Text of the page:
“We still have to compete; It’s not like we walk up to the Dodgers and they sprinkle some fairy dust on us and all of a sudden we are who we are,” Phillips said. “We all have talent, and I think we are just challenged to bring out the best in ourselves. And in a room like this, when you’re surrounded by Hall of Famers and All-Stars left and right, everyone cheers.”
Kershaw, 34, finished last season on the disabled list but returned for one year and $17 million. He’s been with the Dodgers for 15 seasons, long enough to witness his last losing mark (80-82 in 2010) and his return to the kind of pitching dominance that defined Koufax’s prime in the 1960s. .
“The Dodgers do a good job of finding out what you do well and using that, a lot,” Kershaw said. “There are certain organizations that pitch very well. We are one of them. Cleveland is one of them. Tampa Bay is one of them. I think everyone does it a little bit differently, but it seems like the Dodgers find strength from someone that maybe you don’t see it on paper, but if you dig a little bit, you see this guy has some ability.”
This is the sixth straight season the Dodgers have the lowest ERA in the NL, at 2.90 through Wednesday. Heaney said the cohesion between departments in the team’s vast coaching and front office structure made it easier to implement changes.
“There’s an opening to being able to say, ‘Let’s try something different,’ and the guys aren’t looking forward to it,” Heaney said. “There’s a trust, like, ‘Okay, they won’t bring this to me if they don’t believe in what it could unlock.'”
General manager Brandon Gomes pitched for Tampa Bay under Andrew Friedman, who left to run the Dodgers’ baseball operations department in 2014. The raw data hasn’t changed much since he played, Gomes said, but teams have found more ways to apply them.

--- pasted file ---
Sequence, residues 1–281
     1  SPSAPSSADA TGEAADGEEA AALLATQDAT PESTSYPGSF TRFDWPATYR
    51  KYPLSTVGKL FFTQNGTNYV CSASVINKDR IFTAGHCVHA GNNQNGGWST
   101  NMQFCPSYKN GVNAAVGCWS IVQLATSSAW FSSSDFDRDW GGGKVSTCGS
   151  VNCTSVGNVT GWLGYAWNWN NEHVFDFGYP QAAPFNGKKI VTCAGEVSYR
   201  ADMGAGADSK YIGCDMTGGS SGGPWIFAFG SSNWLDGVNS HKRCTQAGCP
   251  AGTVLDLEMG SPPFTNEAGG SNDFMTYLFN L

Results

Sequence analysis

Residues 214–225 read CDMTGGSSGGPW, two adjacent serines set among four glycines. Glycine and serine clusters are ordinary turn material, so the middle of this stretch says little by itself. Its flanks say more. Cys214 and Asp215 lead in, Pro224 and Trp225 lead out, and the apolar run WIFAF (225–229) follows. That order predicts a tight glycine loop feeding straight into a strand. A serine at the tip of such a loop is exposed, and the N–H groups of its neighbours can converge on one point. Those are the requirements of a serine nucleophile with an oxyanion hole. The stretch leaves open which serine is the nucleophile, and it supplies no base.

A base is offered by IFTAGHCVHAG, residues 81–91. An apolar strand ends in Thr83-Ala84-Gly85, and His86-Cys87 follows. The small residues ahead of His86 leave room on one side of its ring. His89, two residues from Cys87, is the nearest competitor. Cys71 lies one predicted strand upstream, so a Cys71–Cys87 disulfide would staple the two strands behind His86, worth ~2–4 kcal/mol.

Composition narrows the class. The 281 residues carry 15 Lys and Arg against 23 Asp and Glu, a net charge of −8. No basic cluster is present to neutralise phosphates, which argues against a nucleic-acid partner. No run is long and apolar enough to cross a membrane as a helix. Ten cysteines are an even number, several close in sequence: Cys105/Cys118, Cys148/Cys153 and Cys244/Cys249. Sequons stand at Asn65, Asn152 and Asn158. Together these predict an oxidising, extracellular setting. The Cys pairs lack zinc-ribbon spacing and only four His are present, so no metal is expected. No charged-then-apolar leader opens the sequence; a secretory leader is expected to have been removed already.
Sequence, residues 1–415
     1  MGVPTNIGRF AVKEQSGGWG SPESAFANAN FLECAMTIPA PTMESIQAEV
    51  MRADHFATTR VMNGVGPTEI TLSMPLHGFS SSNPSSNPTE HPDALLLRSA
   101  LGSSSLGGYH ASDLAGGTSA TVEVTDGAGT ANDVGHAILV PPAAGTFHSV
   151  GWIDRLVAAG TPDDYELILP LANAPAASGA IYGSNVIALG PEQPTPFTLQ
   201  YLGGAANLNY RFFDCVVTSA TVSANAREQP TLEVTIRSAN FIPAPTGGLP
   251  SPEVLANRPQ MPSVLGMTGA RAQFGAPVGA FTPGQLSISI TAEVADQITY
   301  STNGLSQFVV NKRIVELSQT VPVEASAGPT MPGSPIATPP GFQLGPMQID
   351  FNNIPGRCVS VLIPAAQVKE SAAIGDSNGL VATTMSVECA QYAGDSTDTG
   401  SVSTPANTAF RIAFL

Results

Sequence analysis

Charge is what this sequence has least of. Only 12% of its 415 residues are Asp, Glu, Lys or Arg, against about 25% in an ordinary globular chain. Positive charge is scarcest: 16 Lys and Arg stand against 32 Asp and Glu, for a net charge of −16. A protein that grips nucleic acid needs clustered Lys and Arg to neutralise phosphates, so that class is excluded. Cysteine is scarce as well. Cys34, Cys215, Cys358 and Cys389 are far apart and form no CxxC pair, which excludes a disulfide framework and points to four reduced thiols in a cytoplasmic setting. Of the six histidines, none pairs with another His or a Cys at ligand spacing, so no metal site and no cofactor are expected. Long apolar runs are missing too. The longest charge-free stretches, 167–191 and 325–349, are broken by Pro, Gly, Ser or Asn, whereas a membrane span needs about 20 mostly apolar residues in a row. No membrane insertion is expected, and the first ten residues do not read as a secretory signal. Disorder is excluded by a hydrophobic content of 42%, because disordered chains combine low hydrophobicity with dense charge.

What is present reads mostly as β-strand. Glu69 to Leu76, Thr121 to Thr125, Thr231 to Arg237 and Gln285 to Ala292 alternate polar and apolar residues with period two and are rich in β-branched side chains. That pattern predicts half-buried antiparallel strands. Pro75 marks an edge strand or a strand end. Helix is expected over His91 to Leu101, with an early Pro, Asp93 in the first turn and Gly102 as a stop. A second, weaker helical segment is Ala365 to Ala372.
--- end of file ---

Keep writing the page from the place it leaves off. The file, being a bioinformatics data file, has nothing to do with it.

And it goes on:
The old idea that players will generally follow their established patterns, that they will play with the back of their baseball cards, as the saying goes, no longer applies.
“There are different paths to player development, and not just in the minor leagues,” Gomes said. “The development of major league players is also happening.”
The Dodgers could add more depth in the second half, with May, Danny Duffy, Tommy Kahnle and Blake Treinen possibly returning from various injuries. The Dodgers are spending a combined $6.725 million this season on Duffy and Kahnle, and if neither returns, they can afford the risk. His bets on Heaney, and especially Anderson, are already paying off.
Such a portfolio distinguishes the Dodgers. The team has a payroll of about $260 million, according to Spotrac, just below the Mets for richest in the majors.
“Between how well they find guys raw and their ability to spend money, at the end of the day, if you spend money, you get good players and good players win games,” Kershaw said. “I don’t care how the other teams think they’re going to do it, that’s how you have a good team, it’s being able to do that. If you’re not going to spend any money, you might have a good year or two. But you have to have good players, and good players cost money.”
The Dodgers’ big spending — for players like Kershaw, Mookie Betts, Freddie Freeman, Trea Turner and others — is top of mind. But his success developing players in the majors may be saving his season.